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A blessed Lenten journey to you

Discussion in 'Religion and Spirituality' started by Ohiophinphan, Mar 5, 2019.

  1. Ohiophinphan

    Ohiophinphan Chaplain Staff Member Luxury Box

    It may sound strange, but I love Lent.

    First off for the folks here who do not know what I am talking about, Lent is the 40 days prior to Easter, not counting Sundays, in which Christians contemplate what God has done in the world and in their lives. That time designation comes from the 40 days Jesus spent being tempted in the Wilderness in the Gospel accounts. It has historically been observed by taking on additional prayer disciplines, fasting, self-denial of certain pleasures, and other devotional acts. All those things are intended to help the Christian consider more fully the mysteries of the Christian faith. In western Christianity, Lent begins with Ash Wednesday and as the mark of the ash is placed on foreheads we hear, "Remember you are dust and to dust you shall return!" It ends of course with the celebration of the Resurrection on Easter morning.

    I hope you find this time meaningful and blessed.
     
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  2. Galant

    Galant Love - Unity - Sacrifice - Eternity Staff Member

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    As someone not from a liturgical background and thus not having much experience with Lent, would you care to share any details/specifics on what Lent means to you, how you enjoy it, what it does for you etc. ?
     
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  3. Ohiophinphan

    Ohiophinphan Chaplain Staff Member Luxury Box

    Thank you, I will try. Please understand, these remarks are very personal. I am sure others approach Lent in their own way.

    I serve as a parish pastor. With nearly 35 years since my ordination, I am often asked and able to assist the newly ordained and local congregations beyond my own in areas of mission and ministry. I appreciate that and am honored. In addition my temperament and personality are such that most of my study and reading is to prepare for preaching, teaching, and writing. I don't really need "permission" to feed my own soul (especially if I listen to my Bishop;)) but the reality is I don't think of myself in that way. I regularly preach about what God has done for all of us, this is a time when I focus down on what God has done as well for each of us.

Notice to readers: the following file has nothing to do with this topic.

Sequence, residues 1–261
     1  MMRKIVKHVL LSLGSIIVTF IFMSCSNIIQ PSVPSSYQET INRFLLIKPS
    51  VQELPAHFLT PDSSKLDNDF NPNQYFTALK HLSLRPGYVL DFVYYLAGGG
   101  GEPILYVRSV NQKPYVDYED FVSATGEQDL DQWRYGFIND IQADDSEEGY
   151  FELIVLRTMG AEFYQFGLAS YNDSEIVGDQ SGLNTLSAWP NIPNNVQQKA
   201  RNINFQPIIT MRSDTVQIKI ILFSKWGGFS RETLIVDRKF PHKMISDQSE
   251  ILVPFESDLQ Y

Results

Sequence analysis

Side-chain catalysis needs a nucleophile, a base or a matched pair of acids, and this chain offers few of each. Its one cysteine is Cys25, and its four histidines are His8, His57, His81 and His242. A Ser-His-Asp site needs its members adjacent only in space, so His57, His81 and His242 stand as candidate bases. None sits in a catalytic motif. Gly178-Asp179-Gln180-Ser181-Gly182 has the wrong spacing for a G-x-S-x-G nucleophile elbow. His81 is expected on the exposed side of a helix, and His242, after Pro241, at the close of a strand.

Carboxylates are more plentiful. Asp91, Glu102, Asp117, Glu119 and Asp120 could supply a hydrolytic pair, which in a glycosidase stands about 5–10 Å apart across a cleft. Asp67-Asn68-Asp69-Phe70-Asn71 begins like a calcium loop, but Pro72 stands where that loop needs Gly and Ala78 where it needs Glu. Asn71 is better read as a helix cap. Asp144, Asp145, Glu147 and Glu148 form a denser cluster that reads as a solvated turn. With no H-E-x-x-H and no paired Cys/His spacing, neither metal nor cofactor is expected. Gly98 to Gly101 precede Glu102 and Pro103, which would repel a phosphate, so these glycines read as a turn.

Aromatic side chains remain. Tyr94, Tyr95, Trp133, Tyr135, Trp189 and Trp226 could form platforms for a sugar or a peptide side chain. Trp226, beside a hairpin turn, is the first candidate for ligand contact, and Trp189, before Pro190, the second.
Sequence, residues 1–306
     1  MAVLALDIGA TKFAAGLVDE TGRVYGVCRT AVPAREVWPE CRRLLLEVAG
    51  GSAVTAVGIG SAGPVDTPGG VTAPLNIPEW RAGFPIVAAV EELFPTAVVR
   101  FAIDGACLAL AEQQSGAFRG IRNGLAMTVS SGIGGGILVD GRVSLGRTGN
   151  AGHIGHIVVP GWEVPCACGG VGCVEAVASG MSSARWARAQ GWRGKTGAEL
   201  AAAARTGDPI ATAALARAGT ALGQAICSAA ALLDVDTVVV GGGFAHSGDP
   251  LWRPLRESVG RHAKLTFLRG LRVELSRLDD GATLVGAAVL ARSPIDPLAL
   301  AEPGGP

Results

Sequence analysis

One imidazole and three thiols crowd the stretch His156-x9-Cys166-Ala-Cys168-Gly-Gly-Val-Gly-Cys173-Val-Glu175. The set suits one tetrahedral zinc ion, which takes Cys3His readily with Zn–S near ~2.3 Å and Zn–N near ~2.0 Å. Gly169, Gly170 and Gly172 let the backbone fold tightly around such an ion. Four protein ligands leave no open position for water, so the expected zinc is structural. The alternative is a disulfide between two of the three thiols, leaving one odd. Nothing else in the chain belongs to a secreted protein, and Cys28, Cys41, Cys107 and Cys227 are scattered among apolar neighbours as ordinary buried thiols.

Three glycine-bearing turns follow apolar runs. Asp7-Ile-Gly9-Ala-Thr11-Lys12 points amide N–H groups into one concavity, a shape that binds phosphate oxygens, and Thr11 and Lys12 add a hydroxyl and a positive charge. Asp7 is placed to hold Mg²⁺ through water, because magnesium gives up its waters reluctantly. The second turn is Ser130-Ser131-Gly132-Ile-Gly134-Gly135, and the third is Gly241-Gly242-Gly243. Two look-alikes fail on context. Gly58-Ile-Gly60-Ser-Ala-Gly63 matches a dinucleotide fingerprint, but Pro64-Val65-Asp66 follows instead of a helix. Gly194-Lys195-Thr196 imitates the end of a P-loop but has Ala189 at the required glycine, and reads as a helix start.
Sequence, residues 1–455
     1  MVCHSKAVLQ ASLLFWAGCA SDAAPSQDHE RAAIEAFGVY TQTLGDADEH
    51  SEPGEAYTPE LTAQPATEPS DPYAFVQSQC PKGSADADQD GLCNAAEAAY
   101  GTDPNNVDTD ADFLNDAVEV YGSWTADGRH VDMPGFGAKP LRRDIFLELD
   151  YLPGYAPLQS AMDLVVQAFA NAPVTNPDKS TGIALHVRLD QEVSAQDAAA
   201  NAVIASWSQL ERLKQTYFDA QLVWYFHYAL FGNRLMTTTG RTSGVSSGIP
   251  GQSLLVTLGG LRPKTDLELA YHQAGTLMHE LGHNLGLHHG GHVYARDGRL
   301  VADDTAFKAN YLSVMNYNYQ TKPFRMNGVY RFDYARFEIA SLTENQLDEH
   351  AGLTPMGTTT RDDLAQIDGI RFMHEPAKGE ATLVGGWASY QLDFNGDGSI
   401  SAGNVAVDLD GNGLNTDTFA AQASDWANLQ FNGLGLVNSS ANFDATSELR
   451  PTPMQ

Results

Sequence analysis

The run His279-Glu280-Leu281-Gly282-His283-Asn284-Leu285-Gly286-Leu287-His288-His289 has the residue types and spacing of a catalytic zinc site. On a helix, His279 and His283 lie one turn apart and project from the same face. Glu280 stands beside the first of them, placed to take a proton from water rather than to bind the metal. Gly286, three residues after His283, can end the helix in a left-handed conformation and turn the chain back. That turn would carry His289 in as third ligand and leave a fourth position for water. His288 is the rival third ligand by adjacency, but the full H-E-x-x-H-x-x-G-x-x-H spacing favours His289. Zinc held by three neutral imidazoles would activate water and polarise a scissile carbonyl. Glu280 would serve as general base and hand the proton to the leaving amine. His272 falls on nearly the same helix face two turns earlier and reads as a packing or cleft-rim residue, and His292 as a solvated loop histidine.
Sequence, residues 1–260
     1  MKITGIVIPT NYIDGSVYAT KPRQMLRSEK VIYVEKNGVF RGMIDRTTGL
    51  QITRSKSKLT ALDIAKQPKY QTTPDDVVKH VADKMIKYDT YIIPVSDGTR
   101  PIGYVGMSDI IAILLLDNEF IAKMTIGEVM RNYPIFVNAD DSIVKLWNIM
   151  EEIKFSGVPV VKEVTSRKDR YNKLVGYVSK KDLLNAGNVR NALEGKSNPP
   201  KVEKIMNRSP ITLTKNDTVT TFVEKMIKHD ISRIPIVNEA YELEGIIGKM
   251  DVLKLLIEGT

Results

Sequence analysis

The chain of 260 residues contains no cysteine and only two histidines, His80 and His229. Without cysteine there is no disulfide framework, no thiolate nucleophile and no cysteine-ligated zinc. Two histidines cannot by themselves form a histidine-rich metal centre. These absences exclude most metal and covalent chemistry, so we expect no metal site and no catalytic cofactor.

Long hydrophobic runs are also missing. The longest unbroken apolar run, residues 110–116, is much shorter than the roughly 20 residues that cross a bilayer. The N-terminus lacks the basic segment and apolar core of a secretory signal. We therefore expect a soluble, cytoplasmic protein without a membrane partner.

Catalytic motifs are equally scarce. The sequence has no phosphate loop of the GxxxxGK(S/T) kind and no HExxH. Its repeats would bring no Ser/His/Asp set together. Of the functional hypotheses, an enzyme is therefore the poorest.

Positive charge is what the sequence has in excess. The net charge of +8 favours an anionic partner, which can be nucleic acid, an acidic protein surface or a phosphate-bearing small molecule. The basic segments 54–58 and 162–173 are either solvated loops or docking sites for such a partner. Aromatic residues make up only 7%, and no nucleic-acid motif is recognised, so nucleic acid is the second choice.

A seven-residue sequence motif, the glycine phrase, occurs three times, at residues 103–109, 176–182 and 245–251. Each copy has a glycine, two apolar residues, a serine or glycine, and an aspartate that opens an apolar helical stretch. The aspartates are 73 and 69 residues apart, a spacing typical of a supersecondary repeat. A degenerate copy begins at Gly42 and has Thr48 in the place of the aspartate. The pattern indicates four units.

Lent has been that time, especially since seminary. I take on a study of something scriptural that is just for me, I take on an additional devotional which heightens my personal walk as a Christian not just as a leader. I have never been much of a person who "gives up something" for Lent. I have preferred taking on an additional study or regimen.

    We Lutheran Christians do not have a tradition of worship beyond Sunday morning. We have never had the daily Mass of Catholics or the Sunday night/Wednesday night disciplines of the modern Evangelicals. Lent is the exception to that. We have the Wednesday night services and the services of Holy Week. We concentrate on not jumping straight to Easter but experiencing the journey and each of its steps. Funny, I have been doing this a long time but each year, I find additional nuances in the Holy Thursday and Good Friday narratives and meditations. This year, for example, I am changing out my long time habit in place of a series produced by a group called "Creative Communications for the Parish" which concentrates on the Sermon on the mount. I haven't done an intense study on that in some time and it excites me now. Hopefully, I can help make it exciting for the folks coming to services and studies.

    I get a lot personally out of symbols and symbolism both visual and in writing. Engaging in a discipline which has been practiced in some form within the Church since the late first/early second century and is observed across the Christian spectrum highlights the universality of the Faith and makes me aware of my place in the great cloud of witnesses. I find that very uplifting and humbling all at the same time.

    Thanks for asking.:bless:
     
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  4. Galant

    Galant Love - Unity - Sacrifice - Eternity Staff Member

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    Thank you!
     
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